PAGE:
The Supreme Court, on Monday, held that a subsequent purchaser of the property after issuance of notification under section 4 of the Land Acquisition Act, 1894 cannot invoke the provisions contained in section 24 of the Right to Fair Compensation and Transparency in Land Acquisition, Rehabilitation and Resettlement Act, 2013.
The three judge bench headed by Justice Arun Mishra, observed that the judgment in GNCTD vs Manav Dharam Trust is per incuriam and contrary to several binding precedents.
A Constitution bench headed by Justice Arun Mishra is currently hearing cases in which it will be settling the conflicting interpretations given to Section 24 of the Right to Fair Compensation and Transparency in Land Acquisition, Rehabilitation and Resettlement Act.
In Manav Dharam Trust, a two judge bench of Justice Kurian Joseph and Justice R. Banumathi had held that subsequent purchaser, assignee, successor in interest, power of attorney, etc., are all persons who are interested in compensation/land owners/affected persons in terms of the Right to Fair Compensation and Transparency in Land Acquisition, Rehabilitation and Resettlement (RFCTLARR) Act, 2013, and such persons are entitled to file a case for a declaration that the land acquisition proceedings have lapsed by virtue of operation of Section 24(2) of the Act.
In Shiv Kumar vs. UoI, the Apex Court bench also comprising of Justices MR Shah and BR Gavai considered the issue whether a purchaser of the property after issuance of notification under section 4 of the Land Acquisition Act, 1894 can invoke the provisions contained in section 24 of the Right to Fair Compensation and Transparency in Land Acquisition, Rehabilitation and Resettlement Act, 2013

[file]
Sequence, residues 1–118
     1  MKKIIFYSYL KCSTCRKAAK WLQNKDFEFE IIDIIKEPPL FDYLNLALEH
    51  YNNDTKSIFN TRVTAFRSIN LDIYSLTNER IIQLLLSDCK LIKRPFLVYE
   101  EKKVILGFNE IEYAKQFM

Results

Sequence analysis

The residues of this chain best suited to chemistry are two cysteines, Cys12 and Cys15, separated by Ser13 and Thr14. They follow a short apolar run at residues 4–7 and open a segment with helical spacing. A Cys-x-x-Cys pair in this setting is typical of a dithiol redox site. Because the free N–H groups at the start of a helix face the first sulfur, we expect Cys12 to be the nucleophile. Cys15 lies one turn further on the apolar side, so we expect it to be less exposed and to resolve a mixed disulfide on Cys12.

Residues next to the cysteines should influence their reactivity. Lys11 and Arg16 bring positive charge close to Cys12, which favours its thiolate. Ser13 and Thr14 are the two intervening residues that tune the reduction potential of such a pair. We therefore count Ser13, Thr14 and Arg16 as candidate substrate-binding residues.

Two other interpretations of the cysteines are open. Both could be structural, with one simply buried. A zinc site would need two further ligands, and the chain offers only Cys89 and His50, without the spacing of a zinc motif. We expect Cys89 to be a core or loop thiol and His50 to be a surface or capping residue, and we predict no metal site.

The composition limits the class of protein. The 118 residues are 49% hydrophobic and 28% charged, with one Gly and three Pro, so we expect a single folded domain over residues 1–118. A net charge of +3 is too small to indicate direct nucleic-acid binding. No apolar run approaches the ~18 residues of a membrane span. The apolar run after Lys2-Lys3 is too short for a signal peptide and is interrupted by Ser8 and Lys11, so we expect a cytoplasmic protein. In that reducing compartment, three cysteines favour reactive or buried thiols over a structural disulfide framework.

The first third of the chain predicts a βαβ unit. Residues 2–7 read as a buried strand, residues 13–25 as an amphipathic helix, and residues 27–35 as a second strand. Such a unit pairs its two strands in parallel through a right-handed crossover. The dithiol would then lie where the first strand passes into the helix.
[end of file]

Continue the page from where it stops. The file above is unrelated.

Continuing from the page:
Justice Mishra, who authored the judgment, observed that, in Manav Dharam Trust (supra), even the provisions of the RFCTLARR Act have not been taken into consideration, which prohibits such transactions in particular provisions of section 11, including the proviso to section 24(2). The bench observed:
The intendment of Act of 2013 is to benefit farmers etc. Subsequent purchasers cannot be said to be landowners entitled to restoration of land and cannot be termed to be affected persons within the provisions of Act of 2013. It is not open to them to claim that the proceedings have lapsed under Section 24(2).
The bench also refused to refer the matter to larger bench observing that when the decisions of Larger Bench and other Division Bench are available, the case cannot be referred to a Larger Bench.
The following observations made in the judgment are relevant:
Void is, ab initio,’ a nullity, is inoperative, and a person cannot claim the land or declaration once no title has been conferred upon him to claim that the land should be given back to him. A person cannot enforce and ripe fruits based on a void transaction to start claiming title and possession of the land by seeking a declaration under Section 24 of the Act of 2013; it will amount to conferment of benefit never contemplated by the law. The question is, who can claim declaration/ rights under section 24(2) for the restoration of land or lapse of acquisition. It cannot be by a person with no title in the land. The provision of the Act of 2013 cannot be said to be enabling or authorizing a purchaser after Section 4 to question proceeding taken under the Act of 1894 of taking possession as held in U.P. Jal Nigam (supra) which is followed in M. Venkatesh (supra) and other decisions and consequently claim declaration under Section 24 of the Act of 2013. What cannot be done directly cannot be permitted in an indirect method.
Granting a right to question acquisition would be against the public policy and the law which prohibits such transactions; it cannot be given effect to under the guise of subsequent legislation containing similar provisions. Subsequent legislation does not confer any new right to a person based on such void transaction; instead, it includes a provision prohibiting such transactions without permission of the Collector as provided in Section 11(4).